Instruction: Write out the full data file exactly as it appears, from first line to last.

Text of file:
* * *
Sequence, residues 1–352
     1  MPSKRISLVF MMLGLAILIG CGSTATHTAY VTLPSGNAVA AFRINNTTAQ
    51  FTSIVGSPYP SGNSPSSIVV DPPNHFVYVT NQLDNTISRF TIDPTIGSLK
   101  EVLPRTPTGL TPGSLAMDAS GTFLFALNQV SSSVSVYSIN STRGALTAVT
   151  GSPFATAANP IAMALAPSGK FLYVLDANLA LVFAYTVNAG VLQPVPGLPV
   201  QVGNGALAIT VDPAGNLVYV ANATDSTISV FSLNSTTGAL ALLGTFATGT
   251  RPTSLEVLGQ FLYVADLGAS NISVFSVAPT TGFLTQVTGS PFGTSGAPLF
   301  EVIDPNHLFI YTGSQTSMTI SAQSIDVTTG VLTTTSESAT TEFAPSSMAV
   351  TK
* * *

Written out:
Sequence, residues 1–352
     1  MPSKRISLVF MMLGLAILIG CGSTATHTAY VTLPSGNAVA AFRINNTTAQ
    51  FTSIVGSPYP SGNSPSSIVV DPPNHFVYVT NQLDNTISRF TIDPTIGSLK
   101  EVLPRTPTGL TPGSLAMDAS GTFLFALNQV SSSVSVYSIN STRGALTAVT
   151  GSPFATAANP IAMALAPSGK FLYVLDANLA LVFAYTVNAG VLQPVPGLPV
   201  QVGNGALAIT VDPAGNLVYV ANATDSTISV FSLNSTTGAL ALLGTFATGT
   251  RPTSLEVLGQ FLYVADLGAS NISVFSVAPT TGFLTQVTGS PFGTSGAPLF
   301  EVIDPNHLFI YTGSQTSMTI SAQSIDVTTG VLTTTSESAT TEFAPSSMAV
   351  TK